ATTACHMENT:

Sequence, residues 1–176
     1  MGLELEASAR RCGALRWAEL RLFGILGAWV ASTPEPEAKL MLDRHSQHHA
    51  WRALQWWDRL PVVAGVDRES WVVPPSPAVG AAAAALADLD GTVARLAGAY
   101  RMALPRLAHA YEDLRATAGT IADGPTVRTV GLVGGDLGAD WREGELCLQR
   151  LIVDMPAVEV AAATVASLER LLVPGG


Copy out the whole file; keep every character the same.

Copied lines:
Sequence, residues 1–176
     1  MGLELEASAR RCGALRWAEL RLFGILGAWV ASTPEPEAKL MLDRHSQHHA
    51  WRALQWWDRL PVVAGVDRES WVVPPSPAVG AAAAALADLD GTVARLAGAY
   101  RMALPRLAHA YEDLRATAGT IADGPTVRTV GLVGGDLGAD WREGELCLQR
   151  LIVDMPAVEV AAATVASLER LLVPGG